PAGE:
When is it Too Cold to Ride Your Horse?

Updated May 25, 2023
Winter riding outside through the snow

There are many folks who would consider 20 degrees Fahrenheit a “heat wave” and rejoice in the opportunity to work their horses! On the other hand, many others would consider that an artic blast and not want to go outside, let alone ride their horse! There is no set temperature where it is too cold for a horse to be ridden or to go outside if they are adapted to it.

To avoid inadvertently causing your horse harm, take precautions when deciding whether to work your horse in extreme temperatures or fluctuations that they are not used to. Keep reading to learn how your horse handles breathing in cold air and how to safely work your horse when you think it might be too cold to ride.

Research on Temperature and Exercising Horses

Most scientific studies about the effects of temperature on exercising horses deal with the opposite extreme – riding in high heat and humidity (such as at the 2020 Tokyo Summer Olympics).

However, there are some reputable research studies on the effects of cold air for exercising horses. Studies show that breathing cold air more rapidly and deeply may represent a significant environmental stress to the airways. Keep in mind though, that the experimental protocols often included cantering on a treadmill for 15 minutes or more, something cold-weather riders may not be doing.

How Horses Adapt to Breathing in Cold Climates

Winter riding in cold indoor arena

When the horse is at rest and breathes in in cold, dry air, the upper respiratory tract warms it to body temperature as well as humidifies it before sending it down to the lower respiratory tract. When excessive exercise speeds up and deepens the breaths, the body doesn’t have time to perform this function and the surfaces of the trachea, bronchi, and lungs become cooled and dried.

In addition, exposure of lower airways to cold air alters immunologic responses of horses for at least 48 hours, causing an “upregulation” of inflammatory cytokines. It also causes an influx of neutrophils, a type of white blood cells. Researchers believe that excess heat and water loss from the lower airways may stimulate bronchoconstriction (narrowing of the airway) immediately after exercise and potentially lead to airway obstruction a few hours after exercise. These stressors would make it difficult for the horse to breathe normally.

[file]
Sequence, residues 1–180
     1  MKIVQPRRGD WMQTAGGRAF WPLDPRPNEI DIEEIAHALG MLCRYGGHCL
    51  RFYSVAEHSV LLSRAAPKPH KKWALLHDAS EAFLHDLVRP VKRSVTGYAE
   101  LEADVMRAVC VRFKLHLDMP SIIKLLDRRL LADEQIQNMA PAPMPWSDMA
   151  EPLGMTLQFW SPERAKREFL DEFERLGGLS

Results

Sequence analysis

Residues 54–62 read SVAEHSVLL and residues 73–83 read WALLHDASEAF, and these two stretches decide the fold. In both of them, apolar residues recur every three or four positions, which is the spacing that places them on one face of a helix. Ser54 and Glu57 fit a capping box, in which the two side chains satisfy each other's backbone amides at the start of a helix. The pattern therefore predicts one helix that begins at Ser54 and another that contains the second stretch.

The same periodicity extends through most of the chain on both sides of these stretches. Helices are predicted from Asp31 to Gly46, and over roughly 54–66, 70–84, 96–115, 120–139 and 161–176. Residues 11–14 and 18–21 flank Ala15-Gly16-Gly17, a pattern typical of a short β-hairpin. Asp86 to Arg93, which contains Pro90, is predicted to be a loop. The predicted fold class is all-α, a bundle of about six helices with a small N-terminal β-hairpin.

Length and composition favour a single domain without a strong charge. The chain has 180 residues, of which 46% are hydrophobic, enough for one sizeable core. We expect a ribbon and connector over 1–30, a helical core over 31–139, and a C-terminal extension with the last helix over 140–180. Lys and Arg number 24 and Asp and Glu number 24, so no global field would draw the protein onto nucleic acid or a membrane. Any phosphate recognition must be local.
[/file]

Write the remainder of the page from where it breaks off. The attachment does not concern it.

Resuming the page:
Tips for Riding Safely in Cold Weather

With all this knowledge, riding in very cold weather isn’t something to be taken lightly. However, keeping your horse moving during winter still has many benefits if it’s not excessive in below freezing temperatures. A good rule of thumb is to take precautions when the temperature is at or below freezing (32 degrees F), and if the temperature dips below 20-25 degrees F, keep your ride limited to light walk and trot work.

Exercise in the winter has value for the cardiopulmonary system, the musculoskeletal system, the digestive system and certainly the central nervous system (your horse’s brain!). In cold temperatures, gently and gradually warm up, take your time cooling down (including drying off if necessary). Be aware of the footing if you’re riding outside so that your horse doesn’t slip and respect your horse’s current fitness level.

Additional Horse Owner Resources

Evidence-Based References

1. Equine Vet J Suppl. 2002 Sep;(34):413-6. Airway cooling and mucosal injury during cold weather exercise. Davis MS1, Lockard AJ, Marlin DJ, Freed AN.

2. Equine Vet J Suppl. 2006 Aug;(36):535-9. Cold air-induced late-phase bronchoconstriction in horses. Davis MS1, Royer CM, McKenzie EC, Williamson KK, Payton M, Marlin D.

3. Am J Vet Res. 2007 Feb;68(2):185-9. Influx of neutrophils and persistence of cytokine expression in airways of horses after performing exercise while breathing cold air. Davis MS1, Williams CC, Meinkoth JH, Malayer JR, Royer CM, Williamson KK, McKenzie EC.

Article originally published in 2014 from a horse owner question submitted via HorseChannel.com.

SmartPak strongly encourages you to consult your veterinarian regarding specific questions about your horse's health. This information is not intended to diagnose or treat any disease, and is purely educational.